Many florists ask the big question ‘why’ to be perfectly honest with you I totally understand the question.  In a job where most are working incredibly hard to provide beautiful flowers for clients, against stiff competition, and customers who struggle to understand the value of our work, it’s a very good question.  For me the answer is simple, I want to be the best florist I can be, and being trained by one of the most amazing florists in the UK Tina Parkes, British, Dutch and American master florist means that my mind and skills will be stretched to amazing lengths, but more than that I believe that British florists need to show that we are a profession to be reckoned with. 

The profession is made up of largely female (although we also have some amazingly talented male colleagues) entrepreneurs who juggle running a business, problem solving, bookkeeping, marketing, managing staff, being creative and alongside this often running a home and family life.   Despite this trained professional florists manage to pull of the seemingly impossible task of producing beautiful creations, to help with celebrations and sad goodbyes, and yet the profession is often not taken seriously.  We are considered to be ‘nice ladies/men who do flowers’ and I am often told how lovely it must be to ‘play with flowers all day’.  In pursuing professional qualifications and shouting to the roof tops about our profession we can change this perception. 

 So our first lesson begins in this beautiful idyllic setting which can’t fail to inspire you.   I greet my fellow students, some old friends who I have studies level 3 and 4 with and some new additions to the Academy family.

The qualification is broken down into units, this enables students who want to do part of the course for their own professional development to join us without feeling the pressure to complete the whole qualification.  The unit we are starting with is Demonstrations and presentations unit which is very exciting as I love demonstrating to flower clubs, and running workshops as well as teaching as a tutor for the Academy so this is part my day to day routine but it’s great to be able to step away from the work and take a good look at it from the other side and see how I can improve.  I can’t wait to tell you about our next lesson in October, time to plan my designs.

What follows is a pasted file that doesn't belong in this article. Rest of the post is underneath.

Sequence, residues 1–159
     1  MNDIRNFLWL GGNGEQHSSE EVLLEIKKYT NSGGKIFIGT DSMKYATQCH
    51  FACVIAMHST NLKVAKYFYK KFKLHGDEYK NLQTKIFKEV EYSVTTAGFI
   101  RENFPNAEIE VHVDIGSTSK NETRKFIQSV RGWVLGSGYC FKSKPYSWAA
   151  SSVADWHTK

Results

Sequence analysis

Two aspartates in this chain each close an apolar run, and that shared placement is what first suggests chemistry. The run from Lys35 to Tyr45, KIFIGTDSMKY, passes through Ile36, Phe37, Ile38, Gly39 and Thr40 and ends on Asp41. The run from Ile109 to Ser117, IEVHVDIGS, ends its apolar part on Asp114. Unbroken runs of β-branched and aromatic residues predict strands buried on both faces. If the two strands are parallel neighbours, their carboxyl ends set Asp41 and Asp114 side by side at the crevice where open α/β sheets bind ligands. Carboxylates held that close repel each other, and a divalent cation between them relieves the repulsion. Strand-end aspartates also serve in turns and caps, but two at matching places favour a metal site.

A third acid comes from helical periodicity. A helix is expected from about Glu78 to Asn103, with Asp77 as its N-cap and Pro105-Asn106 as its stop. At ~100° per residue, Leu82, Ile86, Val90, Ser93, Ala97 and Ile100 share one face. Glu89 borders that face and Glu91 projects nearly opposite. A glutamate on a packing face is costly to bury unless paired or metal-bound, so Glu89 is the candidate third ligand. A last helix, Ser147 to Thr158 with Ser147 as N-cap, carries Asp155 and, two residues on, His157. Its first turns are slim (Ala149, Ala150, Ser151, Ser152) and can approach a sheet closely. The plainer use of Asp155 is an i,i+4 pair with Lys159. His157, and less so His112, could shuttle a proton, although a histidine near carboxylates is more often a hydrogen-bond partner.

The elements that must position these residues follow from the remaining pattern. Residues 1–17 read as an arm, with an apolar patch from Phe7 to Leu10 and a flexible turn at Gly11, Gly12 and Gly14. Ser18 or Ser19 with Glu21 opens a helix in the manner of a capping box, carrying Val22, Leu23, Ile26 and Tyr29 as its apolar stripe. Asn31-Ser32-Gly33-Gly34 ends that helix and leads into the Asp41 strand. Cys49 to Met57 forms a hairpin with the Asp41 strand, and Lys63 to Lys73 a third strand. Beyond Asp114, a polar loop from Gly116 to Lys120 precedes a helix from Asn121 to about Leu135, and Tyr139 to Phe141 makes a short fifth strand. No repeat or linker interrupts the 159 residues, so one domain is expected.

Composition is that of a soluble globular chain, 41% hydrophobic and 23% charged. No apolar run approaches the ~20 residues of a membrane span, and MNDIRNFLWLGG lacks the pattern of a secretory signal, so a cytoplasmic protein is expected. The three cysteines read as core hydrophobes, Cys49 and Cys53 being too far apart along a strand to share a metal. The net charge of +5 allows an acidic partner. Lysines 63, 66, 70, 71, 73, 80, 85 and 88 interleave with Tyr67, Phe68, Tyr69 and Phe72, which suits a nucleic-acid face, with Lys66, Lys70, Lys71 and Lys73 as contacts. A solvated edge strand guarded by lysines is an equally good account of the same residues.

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Diary of a Master florist in the Making

Kathryn Delve

24th September 2018

Today I am heading off to the British Academy of Floral art, Dunchieoak Barton, Devon, with a new note book in hand, my tool box and buckets of flowers.
Nothing new for me as I am incredibly privileged to be part of the amazing group of Florists, who I consider to be my friends, mentors, confidantes and who make up the tutor team at the BAFA.  However today I am going as a student, rather than a tutor.

I am excited and slightly daunted to be embarking on the final stage of my floristry qualifications to become a British Master florist, a journey which started some 15 years ago.  For those of you who don’t know there are 5 levels of floristry qualifications and over the last 15 years I have worked through levels 1-4 and I now embark on the final stage which will take me aprox 18 – 24 months and earn me the title of British Master Florist.  To go alongside the prestigious title of AIFD the USA equivalent which I earned in 2016.